Leading without authority

Sara Knapp

Post by Sara Knapp, Executive Coach

Early in my career, my then-boss gave me one of the most invaluable pieces of advice I've ever received. He told me to act like you are in charge. For a 24 year-old, just starting to work at a big multinational bank, that required quite a shift in perspective. But looking back now, I see that my career success really began to ratchet up when I took his advice and embraced that take-charge mindset.  

Now, to be clear, I didn't start picking out the furniture for my corner office right then and there. But I did start thinking in terms of what I would do if this were my company. That allowed me to see and act on opportunities that just weren't on my radar screen when I was thinking like the junior analyst I was at the time. It prompted me to start behaving and performing like someone a rung or two ahead of me on the corporate ladder. Before long, I was that person, doing those jobs, at those levels.

Leadership is a choice. It’s always available to us. We have only to be aware of it, and always on the lookout for opportunities to exercise it.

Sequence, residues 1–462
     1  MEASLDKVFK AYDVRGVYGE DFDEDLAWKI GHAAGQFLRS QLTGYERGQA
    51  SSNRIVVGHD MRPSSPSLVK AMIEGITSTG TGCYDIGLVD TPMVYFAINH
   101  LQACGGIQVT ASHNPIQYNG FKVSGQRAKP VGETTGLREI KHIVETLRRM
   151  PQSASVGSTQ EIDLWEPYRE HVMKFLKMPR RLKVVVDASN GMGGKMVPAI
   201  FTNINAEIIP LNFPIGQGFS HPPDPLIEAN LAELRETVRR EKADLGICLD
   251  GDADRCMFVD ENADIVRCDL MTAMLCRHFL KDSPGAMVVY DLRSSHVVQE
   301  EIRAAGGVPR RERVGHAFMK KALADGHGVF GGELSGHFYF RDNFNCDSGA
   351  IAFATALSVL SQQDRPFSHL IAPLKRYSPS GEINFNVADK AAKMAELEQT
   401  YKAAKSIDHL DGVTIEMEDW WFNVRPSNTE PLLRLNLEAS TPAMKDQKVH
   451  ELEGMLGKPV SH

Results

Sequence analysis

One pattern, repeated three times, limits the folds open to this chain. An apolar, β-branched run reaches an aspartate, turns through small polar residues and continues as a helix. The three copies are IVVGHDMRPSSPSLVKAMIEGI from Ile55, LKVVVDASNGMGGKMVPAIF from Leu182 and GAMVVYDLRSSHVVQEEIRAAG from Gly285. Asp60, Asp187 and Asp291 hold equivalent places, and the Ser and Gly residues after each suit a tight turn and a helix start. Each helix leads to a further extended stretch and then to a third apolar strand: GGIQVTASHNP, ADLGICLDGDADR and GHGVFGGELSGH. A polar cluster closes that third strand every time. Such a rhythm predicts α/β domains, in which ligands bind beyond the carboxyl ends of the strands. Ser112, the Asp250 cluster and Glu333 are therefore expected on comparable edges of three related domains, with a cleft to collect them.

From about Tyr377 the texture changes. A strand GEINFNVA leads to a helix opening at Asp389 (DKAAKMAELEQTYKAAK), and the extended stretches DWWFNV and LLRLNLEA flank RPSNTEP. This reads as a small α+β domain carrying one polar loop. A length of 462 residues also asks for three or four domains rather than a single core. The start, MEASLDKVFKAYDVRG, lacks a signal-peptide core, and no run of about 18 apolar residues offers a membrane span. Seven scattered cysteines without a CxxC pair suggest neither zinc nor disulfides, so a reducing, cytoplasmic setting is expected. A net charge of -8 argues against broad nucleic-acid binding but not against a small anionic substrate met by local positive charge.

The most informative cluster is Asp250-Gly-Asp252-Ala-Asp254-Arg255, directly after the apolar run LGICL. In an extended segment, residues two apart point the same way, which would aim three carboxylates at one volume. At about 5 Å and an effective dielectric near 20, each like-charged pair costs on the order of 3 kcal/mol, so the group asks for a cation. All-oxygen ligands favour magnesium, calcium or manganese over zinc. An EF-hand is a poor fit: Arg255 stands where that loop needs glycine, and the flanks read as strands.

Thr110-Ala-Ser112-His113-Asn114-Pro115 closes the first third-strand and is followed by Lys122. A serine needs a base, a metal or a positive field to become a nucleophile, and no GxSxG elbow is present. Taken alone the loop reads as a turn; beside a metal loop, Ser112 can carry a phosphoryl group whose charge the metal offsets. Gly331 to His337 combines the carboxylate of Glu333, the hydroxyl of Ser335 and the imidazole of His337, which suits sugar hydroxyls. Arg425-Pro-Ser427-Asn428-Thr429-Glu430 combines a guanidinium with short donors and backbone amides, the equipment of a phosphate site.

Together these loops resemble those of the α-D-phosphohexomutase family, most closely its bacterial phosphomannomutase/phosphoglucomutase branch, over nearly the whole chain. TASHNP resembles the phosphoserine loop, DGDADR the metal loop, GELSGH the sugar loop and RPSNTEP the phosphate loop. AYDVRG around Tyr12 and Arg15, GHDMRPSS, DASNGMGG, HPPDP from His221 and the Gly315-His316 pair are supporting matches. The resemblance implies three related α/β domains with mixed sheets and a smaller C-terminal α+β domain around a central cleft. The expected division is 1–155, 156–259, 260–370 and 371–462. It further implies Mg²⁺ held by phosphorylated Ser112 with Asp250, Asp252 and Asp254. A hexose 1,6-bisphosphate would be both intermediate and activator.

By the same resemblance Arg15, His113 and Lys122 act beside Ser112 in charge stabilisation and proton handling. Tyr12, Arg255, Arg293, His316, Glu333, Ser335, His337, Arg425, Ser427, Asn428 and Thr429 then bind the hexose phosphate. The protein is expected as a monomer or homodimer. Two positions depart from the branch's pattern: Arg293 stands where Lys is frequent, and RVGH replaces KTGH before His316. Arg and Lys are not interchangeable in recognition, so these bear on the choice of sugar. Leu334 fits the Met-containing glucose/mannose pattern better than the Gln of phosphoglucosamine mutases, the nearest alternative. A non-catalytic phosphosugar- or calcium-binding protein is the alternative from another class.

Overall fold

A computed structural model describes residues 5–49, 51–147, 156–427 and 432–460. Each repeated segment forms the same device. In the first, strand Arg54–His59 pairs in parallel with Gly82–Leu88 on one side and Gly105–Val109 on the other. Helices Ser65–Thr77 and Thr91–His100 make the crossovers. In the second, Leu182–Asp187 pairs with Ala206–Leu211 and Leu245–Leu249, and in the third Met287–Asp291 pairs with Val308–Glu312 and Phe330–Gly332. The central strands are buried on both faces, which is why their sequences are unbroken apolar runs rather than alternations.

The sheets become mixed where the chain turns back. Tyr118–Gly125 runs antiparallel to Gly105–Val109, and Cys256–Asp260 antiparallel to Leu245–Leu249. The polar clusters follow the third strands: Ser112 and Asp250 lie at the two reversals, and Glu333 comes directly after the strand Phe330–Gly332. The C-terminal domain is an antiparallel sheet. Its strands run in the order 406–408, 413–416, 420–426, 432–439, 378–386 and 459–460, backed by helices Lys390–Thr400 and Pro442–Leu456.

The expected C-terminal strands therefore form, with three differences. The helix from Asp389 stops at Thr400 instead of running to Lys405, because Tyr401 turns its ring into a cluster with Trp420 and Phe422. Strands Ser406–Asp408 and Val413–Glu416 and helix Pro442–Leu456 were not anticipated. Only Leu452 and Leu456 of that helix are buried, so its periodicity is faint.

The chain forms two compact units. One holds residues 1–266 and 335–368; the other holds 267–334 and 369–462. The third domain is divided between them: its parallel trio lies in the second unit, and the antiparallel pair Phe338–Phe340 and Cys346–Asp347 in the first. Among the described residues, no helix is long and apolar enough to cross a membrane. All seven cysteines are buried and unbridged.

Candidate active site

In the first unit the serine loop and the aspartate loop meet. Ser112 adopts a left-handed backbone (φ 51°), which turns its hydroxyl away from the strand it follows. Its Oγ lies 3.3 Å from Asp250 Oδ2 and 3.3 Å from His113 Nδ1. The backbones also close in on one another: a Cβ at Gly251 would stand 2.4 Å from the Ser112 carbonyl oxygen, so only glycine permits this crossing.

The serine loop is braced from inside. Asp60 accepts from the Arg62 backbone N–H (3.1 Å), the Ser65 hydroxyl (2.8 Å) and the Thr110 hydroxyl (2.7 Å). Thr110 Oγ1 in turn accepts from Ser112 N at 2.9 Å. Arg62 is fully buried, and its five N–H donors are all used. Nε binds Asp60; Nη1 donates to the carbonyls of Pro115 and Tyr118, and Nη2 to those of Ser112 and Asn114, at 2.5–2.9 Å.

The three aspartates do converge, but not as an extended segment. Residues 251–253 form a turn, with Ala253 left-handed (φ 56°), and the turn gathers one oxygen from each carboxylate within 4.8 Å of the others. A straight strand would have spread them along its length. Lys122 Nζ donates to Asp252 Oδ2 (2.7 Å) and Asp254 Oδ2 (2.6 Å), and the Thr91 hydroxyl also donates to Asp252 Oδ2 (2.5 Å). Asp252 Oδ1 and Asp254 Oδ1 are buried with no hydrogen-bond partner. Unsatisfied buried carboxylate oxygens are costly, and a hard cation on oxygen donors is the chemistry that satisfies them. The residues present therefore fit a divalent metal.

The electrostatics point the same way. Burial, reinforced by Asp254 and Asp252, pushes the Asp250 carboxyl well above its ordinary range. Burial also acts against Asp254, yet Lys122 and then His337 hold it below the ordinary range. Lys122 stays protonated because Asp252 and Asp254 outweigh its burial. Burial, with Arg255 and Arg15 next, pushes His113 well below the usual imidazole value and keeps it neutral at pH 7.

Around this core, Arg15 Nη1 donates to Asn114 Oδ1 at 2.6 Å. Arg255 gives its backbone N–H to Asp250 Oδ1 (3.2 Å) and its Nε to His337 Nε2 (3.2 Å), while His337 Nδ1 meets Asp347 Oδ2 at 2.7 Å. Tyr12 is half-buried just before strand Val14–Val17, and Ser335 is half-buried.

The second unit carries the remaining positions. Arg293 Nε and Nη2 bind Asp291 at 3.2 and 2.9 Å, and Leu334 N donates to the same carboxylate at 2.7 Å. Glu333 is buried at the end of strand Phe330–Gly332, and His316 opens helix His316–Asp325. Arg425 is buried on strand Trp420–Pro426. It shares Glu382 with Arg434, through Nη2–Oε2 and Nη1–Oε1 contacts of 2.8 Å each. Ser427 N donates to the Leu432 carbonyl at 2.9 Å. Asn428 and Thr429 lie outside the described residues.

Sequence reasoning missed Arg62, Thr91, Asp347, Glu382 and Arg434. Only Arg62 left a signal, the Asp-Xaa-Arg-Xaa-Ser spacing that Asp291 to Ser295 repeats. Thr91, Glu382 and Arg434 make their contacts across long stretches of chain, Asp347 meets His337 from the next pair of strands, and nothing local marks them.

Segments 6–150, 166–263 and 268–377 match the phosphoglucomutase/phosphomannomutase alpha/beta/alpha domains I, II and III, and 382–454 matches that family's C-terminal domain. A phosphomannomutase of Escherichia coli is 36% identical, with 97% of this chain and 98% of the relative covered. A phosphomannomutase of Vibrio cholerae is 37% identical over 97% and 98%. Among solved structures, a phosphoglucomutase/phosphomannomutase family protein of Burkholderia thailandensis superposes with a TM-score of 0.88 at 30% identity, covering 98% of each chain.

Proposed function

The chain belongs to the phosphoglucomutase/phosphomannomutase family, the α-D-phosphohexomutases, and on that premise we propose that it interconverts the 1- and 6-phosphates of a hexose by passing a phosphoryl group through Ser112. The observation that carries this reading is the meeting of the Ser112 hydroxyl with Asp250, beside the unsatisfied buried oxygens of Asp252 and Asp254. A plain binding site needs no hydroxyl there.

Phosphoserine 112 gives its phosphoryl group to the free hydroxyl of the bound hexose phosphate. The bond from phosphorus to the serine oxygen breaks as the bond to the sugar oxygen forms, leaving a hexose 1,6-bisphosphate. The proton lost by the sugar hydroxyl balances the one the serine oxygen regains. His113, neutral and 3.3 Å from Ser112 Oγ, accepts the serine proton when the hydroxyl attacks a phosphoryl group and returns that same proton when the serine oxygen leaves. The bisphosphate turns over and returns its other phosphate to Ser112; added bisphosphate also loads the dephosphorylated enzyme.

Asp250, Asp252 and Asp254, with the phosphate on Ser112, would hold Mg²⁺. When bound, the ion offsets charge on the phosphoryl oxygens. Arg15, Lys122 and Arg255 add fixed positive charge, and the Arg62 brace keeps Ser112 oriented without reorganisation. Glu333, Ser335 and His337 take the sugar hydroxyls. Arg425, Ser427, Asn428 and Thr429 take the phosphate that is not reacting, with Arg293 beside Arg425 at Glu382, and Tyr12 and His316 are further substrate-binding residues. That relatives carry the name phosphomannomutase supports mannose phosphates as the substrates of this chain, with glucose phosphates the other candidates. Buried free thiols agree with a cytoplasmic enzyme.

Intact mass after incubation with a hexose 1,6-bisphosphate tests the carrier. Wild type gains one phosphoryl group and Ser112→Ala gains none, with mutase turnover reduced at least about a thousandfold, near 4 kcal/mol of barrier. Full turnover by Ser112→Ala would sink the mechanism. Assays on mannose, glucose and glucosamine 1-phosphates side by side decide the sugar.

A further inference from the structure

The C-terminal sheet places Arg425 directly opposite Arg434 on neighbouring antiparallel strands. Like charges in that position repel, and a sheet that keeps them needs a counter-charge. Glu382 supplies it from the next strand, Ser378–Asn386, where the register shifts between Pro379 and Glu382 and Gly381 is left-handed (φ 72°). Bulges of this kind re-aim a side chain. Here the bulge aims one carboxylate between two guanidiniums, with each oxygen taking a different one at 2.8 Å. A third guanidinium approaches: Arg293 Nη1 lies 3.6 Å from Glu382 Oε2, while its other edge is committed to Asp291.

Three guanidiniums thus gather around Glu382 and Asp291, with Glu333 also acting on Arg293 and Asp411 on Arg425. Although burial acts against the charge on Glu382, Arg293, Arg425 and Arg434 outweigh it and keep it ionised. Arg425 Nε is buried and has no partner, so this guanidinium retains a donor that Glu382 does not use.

Yes, I got my wrist slapped once or twice for stepping on toes. That’s a risk you’re going have to accept. Being a leader is, by definition, being a risk taker. But there are bigger risks than having to deal with someone’s out-of-joint nose or slightly bruised ego. 

One is apathy, because it will keep you stuck. And people who are stuck eventually sink. Another is sitting by and not filling the leadership void when you see it. Because that just creates a wider, less congested avenue for others who are willing to step up — others who may not have your talents, your skills and your abilities.

So when you see that void, step in, fill it, take action. Do the right thing. Eventually, over time, you will be seen, recognized and rewarded for what you've shown yourself to be: a leader.  

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